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Subject: "calculus of variations"     Previous Topic | Next Topic
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Conferences The CTK Exchange College math Topic #564
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Mar-21-06, 07:25 PM (EST)
"calculus of variations"
   Can anyone suggest a book for problems in calculus of variations.
Precisely I would like to solve problem of following structure.

Maximize E{(g(A)+g(B))^2} over the domain of all functions 'g' that satisfy

where E stands for the EXPECTATION over all the random variables.
A and B are independent and identically distributed.

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Mar-22-06, 00:58 AM (EST)
1. "RE: calculus of variations"
In response to message #0
   I start the above problem with help of Lagrangian Multipliers

L(g, v)=E{(g(A)+g(B))^2}+v(E{(g(A))^2}-Constant).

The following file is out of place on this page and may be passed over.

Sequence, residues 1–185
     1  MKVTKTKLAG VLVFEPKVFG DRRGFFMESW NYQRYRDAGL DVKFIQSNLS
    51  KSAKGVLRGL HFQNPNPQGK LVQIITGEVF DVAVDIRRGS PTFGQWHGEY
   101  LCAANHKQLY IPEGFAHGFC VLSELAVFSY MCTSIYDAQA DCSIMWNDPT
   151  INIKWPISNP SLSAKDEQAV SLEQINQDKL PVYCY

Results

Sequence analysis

I have problems differentiating L with g..

Can anybody help me in solving this..also pls suggest a good book for this. I think Alex could be of help.


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Member since May-22-05
Mar-23-06, 12:30 PM (EST)
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2. "RE: calculus of variations"
In response to message #1
   A reasonably good book is Weinstock "Calculus of Variations" available from Dover in inexpensive paperback. I have not found a really satisfactory book on calculus of variations.

I am not sure that you NEED calculus of variations to solve this problem, however. Here is another idea: